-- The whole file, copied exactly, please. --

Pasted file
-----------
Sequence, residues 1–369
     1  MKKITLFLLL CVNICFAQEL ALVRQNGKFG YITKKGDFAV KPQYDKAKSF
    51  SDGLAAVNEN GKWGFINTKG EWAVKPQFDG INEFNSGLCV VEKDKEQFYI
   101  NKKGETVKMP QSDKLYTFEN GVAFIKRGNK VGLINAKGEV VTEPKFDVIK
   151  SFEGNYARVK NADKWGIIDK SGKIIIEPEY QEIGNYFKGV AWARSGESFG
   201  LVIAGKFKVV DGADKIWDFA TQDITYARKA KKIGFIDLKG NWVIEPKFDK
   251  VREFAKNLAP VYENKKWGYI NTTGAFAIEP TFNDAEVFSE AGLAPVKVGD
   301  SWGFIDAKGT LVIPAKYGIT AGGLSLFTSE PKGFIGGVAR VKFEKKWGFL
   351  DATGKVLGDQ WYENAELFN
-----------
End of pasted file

Sequence, residues 1–369
     1  MKKITLFLLL CVNICFAQEL ALVRQNGKFG YITKKGDFAV KPQYDKAKSF
    51  SDGLAAVNEN GKWGFINTKG EWAVKPQFDG INEFNSGLCV VEKDKEQFYI
   101  NKKGETVKMP QSDKLYTFEN GVAFIKRGNK VGLINAKGEV VTEPKFDVIK
   151  SFEGNYARVK NADKWGIIDK SGKIIIEPEY QEIGNYFKGV AWARSGESFG
   201  LVIAGKFKVV DGADKIWDFA TQDITYARKA KKIGFIDLKG NWVIEPKFDK
   251  VREFAKNLAP VYENKKWGYI NTTGAFAIEP TFNDAEVFSE AGLAPVKVGD
   301  SWGFIDAKGT LVIPAKYGIT AGGLSLFTSE PKGFIGGVAR VKFEKKWGFL
   351  DATGKVLGDQ WYENAELFN